Dr. Anthony Fauci warned that the next few weeks will see severe stress on hospital systems as the omicron variant is “raging around the world.”

Fauci, the president’s chief medical adviser, said there is no doubt on omicron’s “extraordinary capability” for transmission on Sunday’s “Meet the Press.” Although the latest coronavirus mutation appears to have less severe symptoms in vaccinated people, Fauci warned that its transmissibility counteracts the mildness of the cases.

“Because our hospitals, if things look like they’re looking now, in the next week or two are going to be very stressed with people because again, we have so many people in this country who are eligible to be vaccinated who have not yet been vaccinated,” Fauci said.

A medical worker returns to a hut after dealing with a member of the public in their car at a drive-in coronavirus testing center in London on Dec. 18, 2021.Daniel Leal / AFP – Getty Images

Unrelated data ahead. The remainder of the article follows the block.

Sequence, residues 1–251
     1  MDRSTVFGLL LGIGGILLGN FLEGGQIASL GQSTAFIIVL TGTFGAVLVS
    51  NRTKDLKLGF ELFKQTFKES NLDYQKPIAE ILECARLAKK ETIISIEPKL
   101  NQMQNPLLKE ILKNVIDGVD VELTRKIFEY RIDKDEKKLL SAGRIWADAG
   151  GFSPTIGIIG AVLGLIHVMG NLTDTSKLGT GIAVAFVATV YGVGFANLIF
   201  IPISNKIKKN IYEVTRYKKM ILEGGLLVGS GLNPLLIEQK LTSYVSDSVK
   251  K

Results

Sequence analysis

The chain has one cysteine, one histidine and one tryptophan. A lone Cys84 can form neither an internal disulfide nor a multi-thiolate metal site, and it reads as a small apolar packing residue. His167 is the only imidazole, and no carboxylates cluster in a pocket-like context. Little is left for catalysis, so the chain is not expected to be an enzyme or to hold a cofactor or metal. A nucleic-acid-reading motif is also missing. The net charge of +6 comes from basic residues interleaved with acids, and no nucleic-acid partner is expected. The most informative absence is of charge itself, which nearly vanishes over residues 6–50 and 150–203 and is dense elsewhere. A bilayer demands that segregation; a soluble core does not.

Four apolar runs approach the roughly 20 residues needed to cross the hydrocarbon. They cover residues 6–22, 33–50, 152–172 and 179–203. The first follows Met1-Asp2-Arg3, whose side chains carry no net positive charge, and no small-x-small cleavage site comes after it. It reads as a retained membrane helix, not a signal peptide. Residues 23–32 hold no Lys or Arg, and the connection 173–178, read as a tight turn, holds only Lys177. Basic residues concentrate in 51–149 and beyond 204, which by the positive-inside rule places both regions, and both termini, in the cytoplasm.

It’s already clear that the new variant is “raging through the world,” he said. Omicron was first detected last month by researchers in South Africa.

The hospitalization to case ratio appears to be smaller than with the prior coronavirus variant of concern, delta, according to Fauci, who cited early data out of South Africa. But he was also cautious about that information, saying the region has much more experience with prior infections.

Fauci urged people to be vaccinated, boosted, tested, and to wear masks in an effort to mitigate spread as the holidays approach.

“We are going to see breakthrough infections, there’s no doubt about that,” Fauci said. “The difference between a vaccinated and boosted person who has an infection and someone who has an infection who’s never been vaccinated, there’s a major difference with regard to the risk of severity.”

President Joe Biden is expected to address the nation Tuesday, unveiling new steps his administration is taking to combat the omicron variant.

Fauci referred briefly to Biden’s winter plan, saying the administration was planning on upscaling existing efforts in testing and vaccination as omicron continues to spread.

By pauline